The Solution to VAT

(4 Minute Read)

Tings tough. For mother of two, Ruth Ferguson, the food store has transformed over the past five years from a place of solace to one of anxiety. Her kids have become numb to asking for things, as they know that a tight budget and high bills mean there’s only enough for the bare necessities. Ruth, who makes minimum wage as a cleaning lady, has seen rising prices caused by VAT fill her will anxiety and put her family’s financial future in jeopardy. She is in the same boat as many other Bahamians, as the financial realities of life are a very real burden.

But does it have to be this way? Although our country’s debt crisis demanded a large-scale solution, of which I believe Value-Added Tax (VAT) was the best option, there are available offsets to mitigate its harsh effects on low-income individuals that we must employ for the good of the people. For the good of Ruth’s family. For the good of you.

New Government, New Problems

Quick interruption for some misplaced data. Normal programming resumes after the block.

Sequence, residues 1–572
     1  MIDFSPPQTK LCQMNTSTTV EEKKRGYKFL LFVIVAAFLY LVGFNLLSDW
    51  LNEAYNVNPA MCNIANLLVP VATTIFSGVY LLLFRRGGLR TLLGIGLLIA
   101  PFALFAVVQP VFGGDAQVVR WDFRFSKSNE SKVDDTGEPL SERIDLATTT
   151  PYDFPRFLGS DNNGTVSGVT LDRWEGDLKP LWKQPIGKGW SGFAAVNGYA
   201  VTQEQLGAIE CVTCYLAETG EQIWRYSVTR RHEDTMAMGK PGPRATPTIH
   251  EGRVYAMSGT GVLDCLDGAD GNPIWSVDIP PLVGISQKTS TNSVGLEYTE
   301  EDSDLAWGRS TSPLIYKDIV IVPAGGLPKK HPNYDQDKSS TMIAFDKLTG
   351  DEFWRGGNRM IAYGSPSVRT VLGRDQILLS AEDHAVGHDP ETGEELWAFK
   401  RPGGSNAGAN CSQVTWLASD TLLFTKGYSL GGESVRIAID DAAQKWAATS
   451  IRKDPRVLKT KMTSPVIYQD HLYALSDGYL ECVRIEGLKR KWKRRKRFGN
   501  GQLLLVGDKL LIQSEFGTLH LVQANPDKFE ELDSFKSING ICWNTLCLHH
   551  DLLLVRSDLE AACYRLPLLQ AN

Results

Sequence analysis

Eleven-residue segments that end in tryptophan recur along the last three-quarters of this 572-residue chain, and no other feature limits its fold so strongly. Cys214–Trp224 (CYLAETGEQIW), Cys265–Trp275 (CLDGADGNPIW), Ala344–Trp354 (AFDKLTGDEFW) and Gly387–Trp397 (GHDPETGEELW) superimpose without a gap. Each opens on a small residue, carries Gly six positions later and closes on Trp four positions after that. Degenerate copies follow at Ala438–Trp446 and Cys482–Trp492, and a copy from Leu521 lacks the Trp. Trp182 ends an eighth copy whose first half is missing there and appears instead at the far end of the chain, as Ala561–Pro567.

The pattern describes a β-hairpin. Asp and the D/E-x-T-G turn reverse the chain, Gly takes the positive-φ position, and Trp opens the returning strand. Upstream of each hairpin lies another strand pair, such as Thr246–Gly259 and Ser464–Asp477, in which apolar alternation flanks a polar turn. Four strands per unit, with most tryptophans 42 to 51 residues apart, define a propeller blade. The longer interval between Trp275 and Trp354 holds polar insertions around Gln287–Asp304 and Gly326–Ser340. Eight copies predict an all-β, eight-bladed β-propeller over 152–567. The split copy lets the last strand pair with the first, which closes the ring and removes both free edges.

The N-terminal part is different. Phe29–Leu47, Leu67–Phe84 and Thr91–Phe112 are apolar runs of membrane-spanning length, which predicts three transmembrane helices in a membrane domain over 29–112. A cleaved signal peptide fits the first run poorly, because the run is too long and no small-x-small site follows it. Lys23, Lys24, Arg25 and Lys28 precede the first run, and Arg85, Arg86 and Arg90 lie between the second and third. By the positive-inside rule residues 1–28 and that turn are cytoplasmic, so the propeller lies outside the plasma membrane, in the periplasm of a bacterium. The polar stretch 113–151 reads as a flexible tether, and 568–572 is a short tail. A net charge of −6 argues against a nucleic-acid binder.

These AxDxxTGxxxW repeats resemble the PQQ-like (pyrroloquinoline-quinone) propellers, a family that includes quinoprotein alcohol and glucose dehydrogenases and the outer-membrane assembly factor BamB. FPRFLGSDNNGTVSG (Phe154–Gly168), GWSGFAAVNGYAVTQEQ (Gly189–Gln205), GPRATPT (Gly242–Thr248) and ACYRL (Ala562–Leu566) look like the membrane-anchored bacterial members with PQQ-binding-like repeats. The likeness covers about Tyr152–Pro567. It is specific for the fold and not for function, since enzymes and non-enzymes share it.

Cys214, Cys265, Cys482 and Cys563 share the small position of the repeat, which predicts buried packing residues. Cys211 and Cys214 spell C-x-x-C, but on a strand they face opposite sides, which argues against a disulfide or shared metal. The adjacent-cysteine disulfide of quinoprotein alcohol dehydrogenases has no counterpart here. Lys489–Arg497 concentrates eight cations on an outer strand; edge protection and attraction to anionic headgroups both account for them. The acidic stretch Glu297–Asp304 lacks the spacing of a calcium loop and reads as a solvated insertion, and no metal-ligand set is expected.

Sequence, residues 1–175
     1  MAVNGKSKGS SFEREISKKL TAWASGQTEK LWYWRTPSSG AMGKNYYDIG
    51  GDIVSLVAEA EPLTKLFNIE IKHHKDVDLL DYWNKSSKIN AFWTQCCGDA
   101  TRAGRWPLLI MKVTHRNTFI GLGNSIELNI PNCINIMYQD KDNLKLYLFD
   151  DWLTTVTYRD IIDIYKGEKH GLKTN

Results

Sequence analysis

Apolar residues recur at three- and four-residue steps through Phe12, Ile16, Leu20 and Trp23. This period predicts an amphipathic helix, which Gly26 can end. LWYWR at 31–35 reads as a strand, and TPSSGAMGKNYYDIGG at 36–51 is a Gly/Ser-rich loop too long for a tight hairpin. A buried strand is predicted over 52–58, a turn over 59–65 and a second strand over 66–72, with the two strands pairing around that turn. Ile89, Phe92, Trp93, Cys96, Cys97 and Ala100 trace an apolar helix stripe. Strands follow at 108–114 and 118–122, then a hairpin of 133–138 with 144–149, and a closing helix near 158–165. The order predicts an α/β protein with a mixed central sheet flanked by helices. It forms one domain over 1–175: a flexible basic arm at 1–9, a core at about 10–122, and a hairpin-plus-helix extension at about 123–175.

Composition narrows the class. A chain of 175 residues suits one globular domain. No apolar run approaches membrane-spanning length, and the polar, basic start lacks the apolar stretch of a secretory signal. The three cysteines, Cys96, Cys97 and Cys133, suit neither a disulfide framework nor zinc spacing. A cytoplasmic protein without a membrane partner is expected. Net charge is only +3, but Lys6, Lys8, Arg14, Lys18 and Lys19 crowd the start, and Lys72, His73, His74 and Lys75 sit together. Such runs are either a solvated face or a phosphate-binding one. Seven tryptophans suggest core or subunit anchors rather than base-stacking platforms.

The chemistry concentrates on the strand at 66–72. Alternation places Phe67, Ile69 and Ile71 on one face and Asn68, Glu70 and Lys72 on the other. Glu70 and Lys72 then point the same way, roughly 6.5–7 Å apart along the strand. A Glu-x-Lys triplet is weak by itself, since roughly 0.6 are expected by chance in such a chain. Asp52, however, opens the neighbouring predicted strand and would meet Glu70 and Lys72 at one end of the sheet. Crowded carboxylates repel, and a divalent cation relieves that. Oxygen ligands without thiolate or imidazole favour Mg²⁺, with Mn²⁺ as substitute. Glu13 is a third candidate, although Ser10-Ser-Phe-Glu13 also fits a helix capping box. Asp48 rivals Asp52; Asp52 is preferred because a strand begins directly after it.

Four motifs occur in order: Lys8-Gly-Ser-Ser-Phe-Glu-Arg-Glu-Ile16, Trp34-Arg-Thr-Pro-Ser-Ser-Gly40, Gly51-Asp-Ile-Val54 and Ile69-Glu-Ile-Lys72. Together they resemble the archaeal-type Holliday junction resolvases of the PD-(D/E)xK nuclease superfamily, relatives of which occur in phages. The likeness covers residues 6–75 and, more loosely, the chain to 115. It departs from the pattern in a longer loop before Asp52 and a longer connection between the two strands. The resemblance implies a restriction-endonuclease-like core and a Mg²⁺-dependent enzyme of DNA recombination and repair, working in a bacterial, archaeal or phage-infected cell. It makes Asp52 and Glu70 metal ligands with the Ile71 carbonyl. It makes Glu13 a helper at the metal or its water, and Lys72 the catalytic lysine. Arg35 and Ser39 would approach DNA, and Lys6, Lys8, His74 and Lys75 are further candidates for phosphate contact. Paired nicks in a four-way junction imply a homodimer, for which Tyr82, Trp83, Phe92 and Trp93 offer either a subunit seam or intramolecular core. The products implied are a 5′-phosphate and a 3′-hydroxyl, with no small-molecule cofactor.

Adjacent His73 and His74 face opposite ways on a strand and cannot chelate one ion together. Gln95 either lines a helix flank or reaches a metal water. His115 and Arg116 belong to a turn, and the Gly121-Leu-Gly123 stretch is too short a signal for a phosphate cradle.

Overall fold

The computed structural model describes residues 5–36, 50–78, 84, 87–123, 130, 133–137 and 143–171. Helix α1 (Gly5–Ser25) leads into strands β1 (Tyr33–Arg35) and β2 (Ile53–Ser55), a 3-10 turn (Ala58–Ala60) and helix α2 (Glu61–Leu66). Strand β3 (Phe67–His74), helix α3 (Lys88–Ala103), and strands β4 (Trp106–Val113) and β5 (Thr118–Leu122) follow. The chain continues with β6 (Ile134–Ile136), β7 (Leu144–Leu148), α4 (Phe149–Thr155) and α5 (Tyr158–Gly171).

The FNM came into power faced with  a multitude of unpaid invoices, arrears and bills from the PLP’s tenure. In addition, pressure from international financial institutions, a decrease in our credit rating and fears of rising debt gave our elected officials the truly difficult challenge of saving the country’s fiscal status and its ability to continue borrowing at favorable rates. In the government’s eyes, using a short-term contractionary fiscal model, a.k.a., austerity, to address the country’s fiscal constraints seemed logical This was revealed at the announcement of the 2018/19 federal budget with the introduction of a 60% VAT hike-from 7.5% to 12%-along with serious cuts to wages and government spending. This austere strategy came with a promise that despite the difficult times for the average Bahamian, our deficit will be paid off, our debt will be lowered, and economic stability restored.